Nothing kills the music quite like that party pooper Ith. To counter his Maze, also run Strip Mine, Chaos Warp, Beast Within, and maybe even City of Solitude.

Individual Card Choices

City of Solitude
City of Solitude is a riot. And that’s not always a good thing. True, thick walls can keep out party-killers. City of Solitude stops counters, plugs Maze of Ith, excludes Swords to Plowshares, and slaps Prophet of Kruphix.

Be warned: It removes natural checks and balances from the game, and your enemies may combo off in their own private gatherings.

Burning-Tree Shaman bleeds those infinite-combo players to death. In other situations, the ping trigger is easy to forget. Always accept your own pings, but show good brinkmanship by only reminding the opponent you most hate. Endlessly spinning a Sensei's Divining Top is killing you second by second. It should do the same to the opponent point by point.

Carpet of Flowers
Why all the hate? Maybe the reason is that because blue mages deserve it. Think of the top ten most oppressive cards in Commander. Here are a few: Cyclonic Rift, Jin-Gitaxias, Core Augur, and Rhystic Study. Red Elemental Blast is the Lightning Bolt of the Commander format. If anything, the deck should also run Pyroblast.

If there are somehow no blue players, lucky you. Mulligan these cards away.

Carpet of Flowers is actually not about hate but love. I like the art and the card. That’s always a sufficient reason to include something in a casual deck.

Utopia Sprawl
I’ve selected many enchantments like Carpet of Flowers as mana ramp because they also increase devotion. It’s possible this isn’t worthwhile. A Ravnica-art land enchanted with Utopia Sprawl would be a great place for a gala, but turning Xenagos a creature makes him more vulnerable to exile effects. Casting Auras on your lands also sets you up as an appealing two-for-one target. Getting sucker-punched by Acidic Slime leaves a rash.

One ramp card I don’t play is Sol Ring, but not because it isn’t good. Rather, it might be the best card in the format, and every deck can play it. To my mind, that defines a card that should be banned. I prefer to Meltdown Sol Rings than playing one for myself, and I do gain underdog points by following Frodo’s hairy footsteps and not using the ring. If you feel differently, enjoy your turn-two Xenagos. You monster.

Budget tip: Save money, and gain black borders by buying Berserk and Taiga in Collector’s Edition (also International Edition). These two cards comprise most of the expense of the deck. You can substitute any other R/G multi-land for Taiga—except Rugged Highlands. That extra life point might ruin your attack with Scourge of the Throne. Also, don’t think that Assault Strobe can replace Berserk. That’s like bringing a tux t-shirt to a black-tie ball. Instead, buy yourself more time by playing Relic of Progenitus, Pyroblast, or Vandalblast, depending on your meta.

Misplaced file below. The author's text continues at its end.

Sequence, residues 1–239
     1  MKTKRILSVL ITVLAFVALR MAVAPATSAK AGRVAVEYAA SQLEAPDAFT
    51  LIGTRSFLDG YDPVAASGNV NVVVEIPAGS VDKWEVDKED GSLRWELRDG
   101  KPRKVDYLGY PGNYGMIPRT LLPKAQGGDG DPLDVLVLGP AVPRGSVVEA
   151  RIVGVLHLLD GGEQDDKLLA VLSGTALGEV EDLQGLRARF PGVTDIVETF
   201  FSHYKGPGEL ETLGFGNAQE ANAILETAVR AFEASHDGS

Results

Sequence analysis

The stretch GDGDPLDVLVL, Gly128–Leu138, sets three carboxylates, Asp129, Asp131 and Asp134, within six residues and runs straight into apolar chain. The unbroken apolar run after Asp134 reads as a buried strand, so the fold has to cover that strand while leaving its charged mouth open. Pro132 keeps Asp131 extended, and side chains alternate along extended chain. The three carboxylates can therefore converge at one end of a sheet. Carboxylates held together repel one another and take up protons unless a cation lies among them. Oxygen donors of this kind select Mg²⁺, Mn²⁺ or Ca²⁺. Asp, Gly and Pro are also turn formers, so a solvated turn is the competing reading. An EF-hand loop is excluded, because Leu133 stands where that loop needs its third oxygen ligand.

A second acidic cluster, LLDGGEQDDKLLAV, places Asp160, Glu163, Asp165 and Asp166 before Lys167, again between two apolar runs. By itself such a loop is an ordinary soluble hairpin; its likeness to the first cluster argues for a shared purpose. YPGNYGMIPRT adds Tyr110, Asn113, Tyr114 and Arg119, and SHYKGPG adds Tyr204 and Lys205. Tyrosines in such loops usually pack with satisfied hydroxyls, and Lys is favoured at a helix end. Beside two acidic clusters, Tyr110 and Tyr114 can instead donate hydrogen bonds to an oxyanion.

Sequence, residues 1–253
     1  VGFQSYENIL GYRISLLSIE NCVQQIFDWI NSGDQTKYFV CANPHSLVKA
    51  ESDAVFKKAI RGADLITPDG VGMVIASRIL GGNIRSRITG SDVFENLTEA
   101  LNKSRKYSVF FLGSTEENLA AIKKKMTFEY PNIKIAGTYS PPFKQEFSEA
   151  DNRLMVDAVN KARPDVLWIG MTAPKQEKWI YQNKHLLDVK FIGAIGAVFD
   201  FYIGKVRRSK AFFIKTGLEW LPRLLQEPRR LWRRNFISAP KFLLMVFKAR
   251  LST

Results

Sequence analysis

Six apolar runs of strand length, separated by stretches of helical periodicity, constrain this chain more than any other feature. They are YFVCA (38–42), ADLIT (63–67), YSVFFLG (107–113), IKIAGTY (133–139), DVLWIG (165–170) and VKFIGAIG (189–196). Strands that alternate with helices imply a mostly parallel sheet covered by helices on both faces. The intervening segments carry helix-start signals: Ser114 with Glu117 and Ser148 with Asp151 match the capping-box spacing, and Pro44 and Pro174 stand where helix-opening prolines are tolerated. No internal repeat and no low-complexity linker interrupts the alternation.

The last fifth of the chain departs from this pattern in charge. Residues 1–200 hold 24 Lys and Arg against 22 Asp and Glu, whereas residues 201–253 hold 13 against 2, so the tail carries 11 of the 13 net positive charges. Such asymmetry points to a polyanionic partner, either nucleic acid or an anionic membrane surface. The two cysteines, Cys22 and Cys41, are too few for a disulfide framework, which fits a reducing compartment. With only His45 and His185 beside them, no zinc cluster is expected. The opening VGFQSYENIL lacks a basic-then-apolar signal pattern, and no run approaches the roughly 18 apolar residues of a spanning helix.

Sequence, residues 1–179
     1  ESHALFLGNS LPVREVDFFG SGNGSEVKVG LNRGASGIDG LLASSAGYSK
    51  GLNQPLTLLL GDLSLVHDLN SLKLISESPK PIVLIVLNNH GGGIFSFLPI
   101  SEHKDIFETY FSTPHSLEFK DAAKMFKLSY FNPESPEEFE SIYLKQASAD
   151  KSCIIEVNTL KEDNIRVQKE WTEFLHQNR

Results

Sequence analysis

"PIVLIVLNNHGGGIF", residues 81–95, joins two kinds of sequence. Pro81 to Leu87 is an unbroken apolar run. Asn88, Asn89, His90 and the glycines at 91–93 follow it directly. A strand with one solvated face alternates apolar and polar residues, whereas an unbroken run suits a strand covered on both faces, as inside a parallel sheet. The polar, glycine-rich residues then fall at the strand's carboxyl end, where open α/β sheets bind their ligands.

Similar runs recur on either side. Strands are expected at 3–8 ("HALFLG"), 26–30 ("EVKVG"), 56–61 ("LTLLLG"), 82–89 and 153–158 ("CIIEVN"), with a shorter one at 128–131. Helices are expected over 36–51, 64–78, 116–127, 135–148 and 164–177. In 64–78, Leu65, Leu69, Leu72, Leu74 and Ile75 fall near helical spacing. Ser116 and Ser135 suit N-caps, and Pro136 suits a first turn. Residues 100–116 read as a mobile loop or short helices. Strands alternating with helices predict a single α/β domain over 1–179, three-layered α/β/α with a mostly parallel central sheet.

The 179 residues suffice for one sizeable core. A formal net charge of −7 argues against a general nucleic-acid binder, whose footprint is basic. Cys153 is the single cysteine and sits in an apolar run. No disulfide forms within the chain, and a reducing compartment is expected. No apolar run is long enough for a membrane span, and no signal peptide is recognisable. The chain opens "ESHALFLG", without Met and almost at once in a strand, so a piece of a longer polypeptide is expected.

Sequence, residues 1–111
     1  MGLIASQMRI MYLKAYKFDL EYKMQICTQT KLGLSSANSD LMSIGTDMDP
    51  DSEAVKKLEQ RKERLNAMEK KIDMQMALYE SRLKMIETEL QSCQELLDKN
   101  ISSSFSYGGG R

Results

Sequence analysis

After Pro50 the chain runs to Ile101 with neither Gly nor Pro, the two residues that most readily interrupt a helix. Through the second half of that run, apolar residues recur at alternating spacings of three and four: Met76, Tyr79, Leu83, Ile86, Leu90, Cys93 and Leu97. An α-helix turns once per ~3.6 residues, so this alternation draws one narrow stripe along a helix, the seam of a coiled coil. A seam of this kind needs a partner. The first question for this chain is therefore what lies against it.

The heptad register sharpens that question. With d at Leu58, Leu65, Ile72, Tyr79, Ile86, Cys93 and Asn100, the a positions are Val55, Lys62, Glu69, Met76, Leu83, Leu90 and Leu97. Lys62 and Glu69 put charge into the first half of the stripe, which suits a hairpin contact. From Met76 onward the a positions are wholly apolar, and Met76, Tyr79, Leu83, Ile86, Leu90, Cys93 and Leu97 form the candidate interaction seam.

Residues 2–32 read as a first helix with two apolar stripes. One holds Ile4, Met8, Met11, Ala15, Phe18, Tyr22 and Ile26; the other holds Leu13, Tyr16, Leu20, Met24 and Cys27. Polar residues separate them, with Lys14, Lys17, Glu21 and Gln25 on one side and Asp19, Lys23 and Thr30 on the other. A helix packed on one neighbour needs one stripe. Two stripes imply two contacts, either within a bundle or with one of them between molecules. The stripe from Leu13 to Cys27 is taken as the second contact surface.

Hydra Omnivore
It’s time I addressed the Hydra in the room. Why isn’t Hydra Omnivore on my list?

The Hydra deals 16 damage to all players. That may not be enough to kill the most dangerous of your foes, but it will unite them all against you. Sure, if you Berserk it, the Hydra might kill everyone at once. Then again, 32 damage might not be enough, and I didn’t say the party venue was Magical Christmas Land.

In most games I’ve played, Inferno Titan or any of the other 6-drops would have been better guests, often because they can interact. Hydra Omnivore can win you the game. It can also spill drinks over everyone and get you kicked out of the club. I prefer more focused aggression, but if you dream of devouring all your enemies in one lunge, pair this Hydra with the aptly named Gratuitous Violence. The enchantment is strong by itself. The three red pips will probably do enough homage to Xenagod that he’ll manifest and start two-shotting your foes with double-striking commander damage.

There are plenty of other cards I’d like to include in the riot, but I couldn’t find the room. What cards will you invite to your Xenagod party? Do tell if I messed any that exemplify the Party Philosophy. Also, leave a comment with your favorite story from when playing Xenagos, God of Revels.